Posted by: ds | 2007-11-22 10:36:16 AM

Another taser death this week:


Posted by: obc | 2007-11-22 10:38:28 AM

The Halifax deputy police chief says he is ' SHOCKED ' that the mans` death could be attributed to a taser 30 hours after the tasing. Pretty ' shocking ' alright.

Posted by: daveh | 2007-11-22 12:10:47 PM


Burbridge said he believes Tasers are safe for use by police.

"It is premature to draw any conclusions that the Taser contributed to this man's death," he told a news conference

I am relieved most of us refuse to put any confidence into a police chiefs professional medical knowledge

Posted by: ds | 2007-11-22 12:51:00 PM


OoooKay . Fine . Different press conference , I suppose .

Re a doctors` opinion - that isn`t worth too much these days either . Charles Smith would rule it a suicide.

Posted by: daveh | 2007-11-22 2:19:45 PM


With the "Robert Dziekanski" murder in the spot light, perhaps the rcmp should put their toys back into their packages.

Consedering there doesn't seem to be any expert proof these toys don't kill.

If they do kill, what can we say? Death by execution- No questions asked?

Posted by: ds | 2007-11-22 2:26:22 PM


It said best by Tomax7 earlier in the posts;

...somehow, I think the point of the discussion was the gross error on the YVR RCMP resulting in a death.

Whether by taser or by knee/choke the point MADE was they screwed up SERIOUS. It results in a death when they make mistakes.

Big responsibility. It takes courage and no lawyers to own up to this gross miscarriage of justice.

THAT is the point of the discussion, not whether or not we need cops or don't appreciate them.

Stay focused. Someone died because of this.

Posted by: tomax7 | 21-Nov-07 8:01:10 PM

Posted by: ds | 2007-11-22 2:35:22 PM

It depends if the cameras are rolling or not .

As posted , my original thought on the Dziekznanzky take - down was that the police find themselves hampered by the unthinking and squeemish do - gooders who demand that old fashioned billy club to the leg law enforcement be replaced by the Star Wars solution of tasing . After all , it`s all so neat and tidy , don`t you know . Most cops know a bit about judo holds and the like . Again too much testosterone there. Not compatible to the open hiring practices so beloved of Human Rights boards. .

Posted by: daveh | 2007-11-22 2:44:58 PM

I supect those 4 thugs could learn that a dash of Common Sense mixed with a pinch of compassion could save lives.

As foreign as it may be to them.

Posted by: ds | 2007-11-22 3:01:28 PM

I agree . They looked like a bunch of autonotons going through the motions. In addition to whatever training they go through , they have to have a base of human compassion and understanding . I saw none of that .
You know ; time to take out the trash and hit the road ; it`s getting late here.

Posted by: daveh | 2007-11-22 3:22:44 PM

...just wondering, just wondering, where there any pretty ladies in the waiting area?

That may have played into this fiasco also.

Come to think of it, they must have thought they hit a gold mine with this one - he wasn't a visible ethnic minority gay/handicap/native type and nothing on his head - he was single, white, and a bit pudgy.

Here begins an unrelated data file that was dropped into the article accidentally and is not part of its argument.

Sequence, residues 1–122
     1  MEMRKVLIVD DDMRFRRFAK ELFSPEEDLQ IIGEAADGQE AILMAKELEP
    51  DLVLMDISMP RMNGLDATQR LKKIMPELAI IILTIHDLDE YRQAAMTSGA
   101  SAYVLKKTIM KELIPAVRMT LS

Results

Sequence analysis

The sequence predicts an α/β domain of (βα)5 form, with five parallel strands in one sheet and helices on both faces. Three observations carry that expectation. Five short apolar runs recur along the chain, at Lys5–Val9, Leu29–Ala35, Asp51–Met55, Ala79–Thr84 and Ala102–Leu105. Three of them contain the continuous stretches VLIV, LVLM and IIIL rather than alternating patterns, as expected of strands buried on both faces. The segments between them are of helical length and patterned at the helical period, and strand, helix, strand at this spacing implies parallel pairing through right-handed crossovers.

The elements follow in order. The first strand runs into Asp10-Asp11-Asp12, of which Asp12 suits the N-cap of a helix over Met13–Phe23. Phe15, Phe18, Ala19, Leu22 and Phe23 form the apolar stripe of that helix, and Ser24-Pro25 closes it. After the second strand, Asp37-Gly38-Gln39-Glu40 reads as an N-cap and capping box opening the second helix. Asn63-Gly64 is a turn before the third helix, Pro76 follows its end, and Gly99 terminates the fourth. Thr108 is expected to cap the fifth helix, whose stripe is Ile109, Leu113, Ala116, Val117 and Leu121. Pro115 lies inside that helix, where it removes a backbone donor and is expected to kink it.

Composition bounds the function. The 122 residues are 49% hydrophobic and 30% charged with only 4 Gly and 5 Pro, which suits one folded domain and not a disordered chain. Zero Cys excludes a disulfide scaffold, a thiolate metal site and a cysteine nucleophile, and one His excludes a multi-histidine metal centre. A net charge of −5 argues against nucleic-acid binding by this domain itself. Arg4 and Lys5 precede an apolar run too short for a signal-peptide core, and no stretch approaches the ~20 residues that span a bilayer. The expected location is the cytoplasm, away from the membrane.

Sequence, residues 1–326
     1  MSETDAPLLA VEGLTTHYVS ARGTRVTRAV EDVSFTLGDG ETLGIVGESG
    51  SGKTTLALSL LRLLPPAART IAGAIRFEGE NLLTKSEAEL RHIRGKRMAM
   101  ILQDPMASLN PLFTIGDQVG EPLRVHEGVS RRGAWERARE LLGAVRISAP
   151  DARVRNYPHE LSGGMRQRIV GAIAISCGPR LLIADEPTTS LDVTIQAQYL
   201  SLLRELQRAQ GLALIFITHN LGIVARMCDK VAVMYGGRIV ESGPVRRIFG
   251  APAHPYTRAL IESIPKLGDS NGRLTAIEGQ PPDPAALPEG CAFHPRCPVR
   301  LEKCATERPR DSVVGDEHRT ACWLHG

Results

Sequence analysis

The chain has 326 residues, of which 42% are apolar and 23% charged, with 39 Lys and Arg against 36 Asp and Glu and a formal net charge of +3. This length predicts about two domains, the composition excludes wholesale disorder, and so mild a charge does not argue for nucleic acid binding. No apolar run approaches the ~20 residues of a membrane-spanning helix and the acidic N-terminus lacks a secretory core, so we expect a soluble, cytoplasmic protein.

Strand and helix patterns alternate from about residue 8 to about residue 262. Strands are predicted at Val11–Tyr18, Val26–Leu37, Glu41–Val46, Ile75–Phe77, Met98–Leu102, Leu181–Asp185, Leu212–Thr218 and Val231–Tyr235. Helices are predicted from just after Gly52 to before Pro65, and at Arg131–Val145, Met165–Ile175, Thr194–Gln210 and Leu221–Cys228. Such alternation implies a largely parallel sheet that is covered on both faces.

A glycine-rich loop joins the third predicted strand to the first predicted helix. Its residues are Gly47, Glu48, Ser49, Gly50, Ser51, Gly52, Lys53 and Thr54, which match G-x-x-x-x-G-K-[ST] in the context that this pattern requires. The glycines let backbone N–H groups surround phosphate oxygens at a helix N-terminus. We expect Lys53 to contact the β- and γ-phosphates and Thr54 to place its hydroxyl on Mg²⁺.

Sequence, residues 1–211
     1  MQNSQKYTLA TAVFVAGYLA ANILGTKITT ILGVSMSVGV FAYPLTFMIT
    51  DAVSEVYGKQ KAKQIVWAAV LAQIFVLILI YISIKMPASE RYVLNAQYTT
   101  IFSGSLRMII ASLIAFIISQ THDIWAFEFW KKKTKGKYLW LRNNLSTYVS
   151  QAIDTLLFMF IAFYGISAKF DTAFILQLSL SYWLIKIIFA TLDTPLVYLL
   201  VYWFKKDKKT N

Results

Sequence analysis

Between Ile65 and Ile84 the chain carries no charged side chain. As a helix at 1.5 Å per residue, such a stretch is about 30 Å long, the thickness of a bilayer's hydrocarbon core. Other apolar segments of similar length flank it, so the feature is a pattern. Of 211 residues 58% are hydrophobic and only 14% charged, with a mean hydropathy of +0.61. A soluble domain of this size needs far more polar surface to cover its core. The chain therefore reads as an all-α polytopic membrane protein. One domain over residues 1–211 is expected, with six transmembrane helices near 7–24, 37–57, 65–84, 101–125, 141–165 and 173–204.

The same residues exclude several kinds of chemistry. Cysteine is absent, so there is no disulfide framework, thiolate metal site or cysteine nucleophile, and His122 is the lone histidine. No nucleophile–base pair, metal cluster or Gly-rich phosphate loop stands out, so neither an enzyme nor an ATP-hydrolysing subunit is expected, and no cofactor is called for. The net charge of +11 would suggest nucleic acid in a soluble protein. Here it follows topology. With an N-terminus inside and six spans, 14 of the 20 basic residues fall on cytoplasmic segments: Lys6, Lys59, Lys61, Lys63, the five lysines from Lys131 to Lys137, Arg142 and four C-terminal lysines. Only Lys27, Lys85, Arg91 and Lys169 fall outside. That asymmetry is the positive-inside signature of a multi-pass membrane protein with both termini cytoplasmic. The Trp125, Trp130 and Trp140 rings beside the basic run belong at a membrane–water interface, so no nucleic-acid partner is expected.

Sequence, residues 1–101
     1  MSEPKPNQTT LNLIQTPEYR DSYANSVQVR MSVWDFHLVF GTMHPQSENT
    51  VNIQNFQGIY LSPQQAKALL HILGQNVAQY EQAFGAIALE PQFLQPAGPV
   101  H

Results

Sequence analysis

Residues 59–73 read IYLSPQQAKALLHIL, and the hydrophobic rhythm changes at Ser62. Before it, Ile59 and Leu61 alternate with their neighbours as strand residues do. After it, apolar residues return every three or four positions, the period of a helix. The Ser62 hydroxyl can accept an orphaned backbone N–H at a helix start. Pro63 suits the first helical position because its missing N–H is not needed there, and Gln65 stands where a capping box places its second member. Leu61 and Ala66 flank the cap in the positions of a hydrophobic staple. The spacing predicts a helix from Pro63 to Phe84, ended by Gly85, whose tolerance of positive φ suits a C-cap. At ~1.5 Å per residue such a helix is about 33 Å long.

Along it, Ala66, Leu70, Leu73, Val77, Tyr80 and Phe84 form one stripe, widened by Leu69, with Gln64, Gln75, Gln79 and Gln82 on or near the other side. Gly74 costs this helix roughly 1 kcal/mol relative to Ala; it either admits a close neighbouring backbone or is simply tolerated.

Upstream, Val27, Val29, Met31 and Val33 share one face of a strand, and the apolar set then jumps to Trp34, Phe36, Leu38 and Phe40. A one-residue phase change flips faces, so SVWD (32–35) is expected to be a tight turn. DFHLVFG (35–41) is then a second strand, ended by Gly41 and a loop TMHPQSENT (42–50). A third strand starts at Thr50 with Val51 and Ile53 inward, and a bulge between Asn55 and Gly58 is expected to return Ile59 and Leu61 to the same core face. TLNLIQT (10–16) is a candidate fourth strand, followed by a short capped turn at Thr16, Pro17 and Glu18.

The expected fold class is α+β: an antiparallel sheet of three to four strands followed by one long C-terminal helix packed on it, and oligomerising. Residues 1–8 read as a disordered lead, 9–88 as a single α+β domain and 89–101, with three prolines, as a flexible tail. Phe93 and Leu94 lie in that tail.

Warp factor 10 boys - we got the PC public on our side this time!

Posted by: tomax7 | 2007-11-22 4:29:18 PM

tomax7 & daveh

The 2 of you are like a breath of fresh air - after dealing for so long with a couple psycho's in here with their lame support of these goons.

Posted by: ds | 2007-11-22 5:42:51 PM

Could it be, the Gangs are emerging without fear...because they have not a lot too fear. As our police seem to be entertaining themselves with 4 to 1 murders? All the while, testing the true strength of their new toys on innocent people?

Two men were shot late last night in Vancouver in a gangland style shooting." The Vancouver Sun reports:

"Both men -- in their 20s -- died at the scene of the gangland-style shooting and their bodies remained inside a four-door silver Mercedes for hours while police continued their investigation.

The men were not the only recent victims of gang violence.

On Saturday, a man was gunned down outside of his house in Vancouver's upscale Shaugnessy neighbourhood. The man was later identified as Hong Chao [Raymond] Huang, who authorities say has links with Asian organized crime.

Police have not linked both crimes but the Lower Mainland has seen a particularly bloody year for gang violence. Last month in Surrey, B.C. six people were found dead in an apartment. Four of the men were alleged to have ties to gangs and drug dealing. Two were innocent by-standers.

In August, two men were killed in a Chinese restaurant. The case had police worried about the possibility of reprisals.

Posted by: ds | 2007-11-22 5:52:13 PM

R.I.P Robert
We'll take it from here.

Posted by: ds | 2007-11-22 6:01:00 PM

Did all 17 taser victims in recent history suffer from nicotine withdrawal or did they all have a heart condition?

Everything that could have been done wrong at this airport was done wrong. Everything.

Posted by: Cynic | 2007-11-22 8:15:39 PM

you are a bunch of long winded nuts. a man died among many others from tasers so lets reconsider their use. Sure, sure tasers avoid unphotogenic force so next time just offer the poor guy a dozen Tim Horton donuts or smoke him up and then everyone will be happy again.

Posted by: Jesse Stacey | 2007-11-22 11:55:02 PM

Jesse Stacey

Interesting concept to say the least.

The problem?

The majority are in vote of not having a "next time"

Posted by: ds | 2007-11-23 11:01:12 AM

"...so next time just offer the poor guy a dozen Tim Horton donuts"

You know Jessie, you might have a point there.

Cops used to be reasonable people.